Excavations of Tel Gezer, the biblical Gezer, in the foothills of the Judean Hills, Israel, revealed a hoard of rare gold and silver objects dating back to the Canaanite period 3600 years ago.
Archaeologists of the Israel Nature and Parks Authority and from the New Orleans Baptist Theological Seminary, under the auspices of the Israel Antiquities Authority conducted excavations at the Tel Gezer National Park, between Latrun and Ramle in central Israel. The treasure consists of figurines of the Canaanite counterparts of the Akkadian deities Ishtar, goddess of fertility, sex, love and war; and Sin, god of the moon, a silver pendant, and a scarab in a gold bezel from the era of Hyksos rule over ancient Egypt. The silver pendant features a disc with a relief carving of an eight-pointed star, which has a prominent sphere in the centre. At the edge of the disc are two narrow cylinders for a lace or chain, to which a crescent is affixed.
The treasure was discovered inside a clay vessel within the foundations of a building, leading the archaeologists to suggest it was deliberately placed there as an offering to the gods to bless the building.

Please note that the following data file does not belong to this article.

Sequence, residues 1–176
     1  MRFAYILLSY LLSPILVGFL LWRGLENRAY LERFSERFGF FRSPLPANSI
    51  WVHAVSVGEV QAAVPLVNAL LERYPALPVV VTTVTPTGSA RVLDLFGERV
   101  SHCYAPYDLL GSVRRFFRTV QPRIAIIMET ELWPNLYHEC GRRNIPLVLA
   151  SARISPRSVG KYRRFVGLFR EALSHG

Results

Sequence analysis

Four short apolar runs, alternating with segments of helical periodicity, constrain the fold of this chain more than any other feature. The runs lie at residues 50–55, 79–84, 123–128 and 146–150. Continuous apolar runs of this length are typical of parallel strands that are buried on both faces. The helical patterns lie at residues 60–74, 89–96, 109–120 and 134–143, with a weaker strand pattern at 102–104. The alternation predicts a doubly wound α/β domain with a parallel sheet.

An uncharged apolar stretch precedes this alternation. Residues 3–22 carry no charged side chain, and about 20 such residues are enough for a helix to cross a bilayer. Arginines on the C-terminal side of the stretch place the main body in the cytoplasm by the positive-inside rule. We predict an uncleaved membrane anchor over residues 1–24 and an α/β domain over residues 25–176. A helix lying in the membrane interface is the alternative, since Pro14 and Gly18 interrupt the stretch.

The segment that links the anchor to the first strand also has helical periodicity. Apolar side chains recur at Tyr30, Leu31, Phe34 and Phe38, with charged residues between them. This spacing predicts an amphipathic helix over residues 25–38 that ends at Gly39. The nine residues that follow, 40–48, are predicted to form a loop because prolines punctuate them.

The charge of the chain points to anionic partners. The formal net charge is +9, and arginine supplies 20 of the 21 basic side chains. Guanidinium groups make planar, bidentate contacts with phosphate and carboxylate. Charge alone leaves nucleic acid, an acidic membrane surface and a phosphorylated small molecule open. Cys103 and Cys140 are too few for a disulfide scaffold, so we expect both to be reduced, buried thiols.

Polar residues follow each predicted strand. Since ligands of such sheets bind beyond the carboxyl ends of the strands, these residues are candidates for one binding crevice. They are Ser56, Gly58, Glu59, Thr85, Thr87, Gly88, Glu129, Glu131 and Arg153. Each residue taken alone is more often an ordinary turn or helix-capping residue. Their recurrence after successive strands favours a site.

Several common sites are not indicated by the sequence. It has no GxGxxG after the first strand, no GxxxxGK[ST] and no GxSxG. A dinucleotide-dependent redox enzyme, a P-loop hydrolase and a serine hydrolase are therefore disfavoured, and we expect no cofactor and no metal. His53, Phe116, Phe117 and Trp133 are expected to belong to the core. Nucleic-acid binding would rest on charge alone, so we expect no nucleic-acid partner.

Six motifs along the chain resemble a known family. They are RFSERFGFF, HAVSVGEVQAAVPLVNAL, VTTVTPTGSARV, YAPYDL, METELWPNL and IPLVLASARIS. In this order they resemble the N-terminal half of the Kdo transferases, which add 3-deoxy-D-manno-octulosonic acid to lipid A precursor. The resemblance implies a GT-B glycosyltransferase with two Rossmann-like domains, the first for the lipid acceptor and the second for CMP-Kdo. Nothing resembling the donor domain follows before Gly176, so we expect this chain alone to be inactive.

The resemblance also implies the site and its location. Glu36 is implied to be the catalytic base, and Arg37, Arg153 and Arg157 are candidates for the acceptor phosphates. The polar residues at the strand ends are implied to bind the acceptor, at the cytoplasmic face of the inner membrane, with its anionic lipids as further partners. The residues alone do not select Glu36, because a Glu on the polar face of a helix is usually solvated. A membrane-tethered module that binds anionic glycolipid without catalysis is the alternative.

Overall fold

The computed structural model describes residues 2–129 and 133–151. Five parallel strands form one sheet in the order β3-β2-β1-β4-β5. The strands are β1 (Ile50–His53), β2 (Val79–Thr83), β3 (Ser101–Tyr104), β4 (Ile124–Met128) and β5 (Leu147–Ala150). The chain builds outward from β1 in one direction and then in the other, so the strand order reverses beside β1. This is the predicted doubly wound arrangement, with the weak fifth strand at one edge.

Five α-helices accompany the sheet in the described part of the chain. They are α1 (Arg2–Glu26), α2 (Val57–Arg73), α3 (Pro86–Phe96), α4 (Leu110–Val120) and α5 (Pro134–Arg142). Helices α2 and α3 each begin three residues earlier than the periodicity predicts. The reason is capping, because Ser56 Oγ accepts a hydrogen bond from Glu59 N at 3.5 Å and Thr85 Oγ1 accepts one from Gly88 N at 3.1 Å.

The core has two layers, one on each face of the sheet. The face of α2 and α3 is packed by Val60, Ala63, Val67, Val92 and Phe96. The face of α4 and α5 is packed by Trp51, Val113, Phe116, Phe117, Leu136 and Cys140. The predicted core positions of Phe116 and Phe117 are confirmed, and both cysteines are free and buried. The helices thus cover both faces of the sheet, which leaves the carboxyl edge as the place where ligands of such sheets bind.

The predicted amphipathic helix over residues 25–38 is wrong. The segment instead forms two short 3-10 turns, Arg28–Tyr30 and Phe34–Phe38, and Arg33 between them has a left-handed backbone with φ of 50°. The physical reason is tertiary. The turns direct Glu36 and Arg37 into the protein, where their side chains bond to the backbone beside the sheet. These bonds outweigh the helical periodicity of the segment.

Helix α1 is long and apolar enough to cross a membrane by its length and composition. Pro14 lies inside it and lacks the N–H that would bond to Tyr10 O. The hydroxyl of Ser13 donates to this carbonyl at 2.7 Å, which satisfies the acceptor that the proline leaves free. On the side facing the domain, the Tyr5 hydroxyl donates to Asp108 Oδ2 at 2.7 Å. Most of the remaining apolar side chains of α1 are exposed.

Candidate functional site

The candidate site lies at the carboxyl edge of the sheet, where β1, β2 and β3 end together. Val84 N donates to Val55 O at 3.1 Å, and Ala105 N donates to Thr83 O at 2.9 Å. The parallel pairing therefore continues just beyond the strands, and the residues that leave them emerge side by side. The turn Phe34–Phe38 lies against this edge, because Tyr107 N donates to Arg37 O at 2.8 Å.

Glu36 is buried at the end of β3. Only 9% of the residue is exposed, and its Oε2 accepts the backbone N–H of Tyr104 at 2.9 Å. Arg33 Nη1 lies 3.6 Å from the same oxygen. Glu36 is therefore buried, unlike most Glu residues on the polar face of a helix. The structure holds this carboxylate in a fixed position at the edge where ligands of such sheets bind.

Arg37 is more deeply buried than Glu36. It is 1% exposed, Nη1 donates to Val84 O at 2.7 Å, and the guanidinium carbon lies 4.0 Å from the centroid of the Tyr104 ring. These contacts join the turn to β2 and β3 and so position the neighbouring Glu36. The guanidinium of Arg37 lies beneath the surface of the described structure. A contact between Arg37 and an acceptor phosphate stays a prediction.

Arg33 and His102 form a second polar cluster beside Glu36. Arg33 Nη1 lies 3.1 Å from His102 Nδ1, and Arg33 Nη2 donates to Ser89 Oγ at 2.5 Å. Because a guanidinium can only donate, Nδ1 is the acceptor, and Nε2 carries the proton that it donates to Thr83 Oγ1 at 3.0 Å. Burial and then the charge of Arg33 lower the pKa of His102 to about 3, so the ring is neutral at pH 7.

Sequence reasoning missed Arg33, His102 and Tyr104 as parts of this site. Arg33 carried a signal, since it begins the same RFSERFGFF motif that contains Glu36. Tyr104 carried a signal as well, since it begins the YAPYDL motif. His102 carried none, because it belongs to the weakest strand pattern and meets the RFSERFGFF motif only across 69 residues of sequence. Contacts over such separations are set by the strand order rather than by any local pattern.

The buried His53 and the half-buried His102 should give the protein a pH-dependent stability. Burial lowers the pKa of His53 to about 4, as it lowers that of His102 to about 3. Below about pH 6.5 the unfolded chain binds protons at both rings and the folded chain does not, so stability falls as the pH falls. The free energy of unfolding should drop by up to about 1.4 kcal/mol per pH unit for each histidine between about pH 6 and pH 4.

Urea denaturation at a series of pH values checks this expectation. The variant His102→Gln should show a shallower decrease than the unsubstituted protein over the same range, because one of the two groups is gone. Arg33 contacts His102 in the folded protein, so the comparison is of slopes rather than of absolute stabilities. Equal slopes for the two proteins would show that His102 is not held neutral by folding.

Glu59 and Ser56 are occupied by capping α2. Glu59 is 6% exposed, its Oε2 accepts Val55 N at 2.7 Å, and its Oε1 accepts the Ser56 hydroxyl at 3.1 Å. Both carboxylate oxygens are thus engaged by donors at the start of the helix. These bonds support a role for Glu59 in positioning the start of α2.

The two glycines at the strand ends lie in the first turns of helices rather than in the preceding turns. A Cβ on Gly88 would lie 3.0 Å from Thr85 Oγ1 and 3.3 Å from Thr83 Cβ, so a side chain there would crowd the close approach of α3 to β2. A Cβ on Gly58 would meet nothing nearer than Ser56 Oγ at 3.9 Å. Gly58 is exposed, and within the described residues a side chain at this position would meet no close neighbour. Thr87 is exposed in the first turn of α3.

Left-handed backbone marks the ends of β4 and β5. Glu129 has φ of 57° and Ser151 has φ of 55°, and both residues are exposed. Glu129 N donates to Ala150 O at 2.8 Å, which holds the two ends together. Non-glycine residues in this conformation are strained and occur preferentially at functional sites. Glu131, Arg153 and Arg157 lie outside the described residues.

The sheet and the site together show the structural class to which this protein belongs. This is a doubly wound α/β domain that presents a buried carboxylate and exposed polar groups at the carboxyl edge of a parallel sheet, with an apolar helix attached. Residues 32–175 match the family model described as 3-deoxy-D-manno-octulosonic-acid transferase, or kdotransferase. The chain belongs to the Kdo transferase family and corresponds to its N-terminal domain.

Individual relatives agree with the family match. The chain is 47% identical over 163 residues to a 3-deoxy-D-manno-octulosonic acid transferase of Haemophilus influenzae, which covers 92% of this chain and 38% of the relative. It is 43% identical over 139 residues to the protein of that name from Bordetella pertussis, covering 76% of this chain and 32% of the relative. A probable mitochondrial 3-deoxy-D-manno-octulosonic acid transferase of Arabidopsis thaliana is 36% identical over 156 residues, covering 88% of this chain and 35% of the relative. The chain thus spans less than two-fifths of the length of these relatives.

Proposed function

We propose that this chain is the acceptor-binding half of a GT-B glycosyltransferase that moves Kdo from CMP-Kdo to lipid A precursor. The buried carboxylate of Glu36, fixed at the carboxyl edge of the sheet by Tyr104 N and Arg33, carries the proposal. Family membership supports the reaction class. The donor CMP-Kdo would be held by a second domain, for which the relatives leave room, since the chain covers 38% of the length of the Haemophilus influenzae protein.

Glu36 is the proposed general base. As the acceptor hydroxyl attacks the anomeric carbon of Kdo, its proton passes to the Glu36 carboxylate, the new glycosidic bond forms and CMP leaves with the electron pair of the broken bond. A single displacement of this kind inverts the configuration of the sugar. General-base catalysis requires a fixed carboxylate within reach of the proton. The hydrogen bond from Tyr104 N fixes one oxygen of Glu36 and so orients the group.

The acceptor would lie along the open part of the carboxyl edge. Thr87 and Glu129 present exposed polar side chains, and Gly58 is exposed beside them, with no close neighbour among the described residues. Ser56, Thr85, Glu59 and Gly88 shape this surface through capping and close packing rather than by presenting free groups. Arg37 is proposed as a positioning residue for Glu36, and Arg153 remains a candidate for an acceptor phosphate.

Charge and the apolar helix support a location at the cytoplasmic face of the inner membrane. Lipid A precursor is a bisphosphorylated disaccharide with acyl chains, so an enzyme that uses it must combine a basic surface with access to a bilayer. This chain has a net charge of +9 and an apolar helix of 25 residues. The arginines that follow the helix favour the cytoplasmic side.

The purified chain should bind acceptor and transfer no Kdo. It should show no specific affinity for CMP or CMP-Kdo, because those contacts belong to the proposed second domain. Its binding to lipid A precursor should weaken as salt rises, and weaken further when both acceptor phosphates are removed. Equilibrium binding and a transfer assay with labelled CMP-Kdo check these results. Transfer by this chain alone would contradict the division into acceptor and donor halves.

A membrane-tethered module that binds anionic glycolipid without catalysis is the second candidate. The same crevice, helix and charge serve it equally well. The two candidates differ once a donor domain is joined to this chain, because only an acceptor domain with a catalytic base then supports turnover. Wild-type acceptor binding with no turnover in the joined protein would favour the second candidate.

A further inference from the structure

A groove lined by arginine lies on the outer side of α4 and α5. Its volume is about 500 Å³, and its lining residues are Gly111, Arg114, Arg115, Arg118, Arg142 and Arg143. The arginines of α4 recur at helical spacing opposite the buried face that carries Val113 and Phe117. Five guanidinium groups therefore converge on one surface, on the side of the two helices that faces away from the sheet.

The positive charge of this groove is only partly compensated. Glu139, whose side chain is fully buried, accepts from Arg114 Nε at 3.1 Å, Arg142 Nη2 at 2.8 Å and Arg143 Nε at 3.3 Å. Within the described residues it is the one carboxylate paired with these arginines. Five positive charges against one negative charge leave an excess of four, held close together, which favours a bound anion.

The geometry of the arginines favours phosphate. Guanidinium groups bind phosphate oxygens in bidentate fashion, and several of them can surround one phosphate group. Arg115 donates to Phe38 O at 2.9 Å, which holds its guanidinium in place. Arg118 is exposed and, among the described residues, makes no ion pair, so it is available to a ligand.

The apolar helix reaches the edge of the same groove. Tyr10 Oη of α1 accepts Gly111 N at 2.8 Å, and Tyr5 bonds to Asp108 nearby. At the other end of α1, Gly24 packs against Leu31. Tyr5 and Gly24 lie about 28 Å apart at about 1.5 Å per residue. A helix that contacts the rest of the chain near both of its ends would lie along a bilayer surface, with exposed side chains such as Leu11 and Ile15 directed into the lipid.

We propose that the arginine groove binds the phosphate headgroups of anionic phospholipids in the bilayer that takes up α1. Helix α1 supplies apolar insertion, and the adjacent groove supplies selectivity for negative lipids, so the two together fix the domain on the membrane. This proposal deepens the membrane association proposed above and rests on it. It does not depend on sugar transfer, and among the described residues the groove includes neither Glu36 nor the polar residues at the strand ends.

The silver pendant is said to be the best-preserved example of an item of this kind ever found in Israel. The trove was found within a lidded clay vessel and possibly was wrapped in a woven cloth that has been identified as linen and that left an impression on part of the finding.
According to archaeologists, the site in the Canaanite period was one of the most important cities in the Land of Israel, and its importance persisted into the Israelite period, when King Solomon rebuilt it.
(after Haaretz, The Times of Israel, Sam Wolff, Chet Roden, Clara Amit, Tel Gezer Excavation Project & Steven M. Ortiz)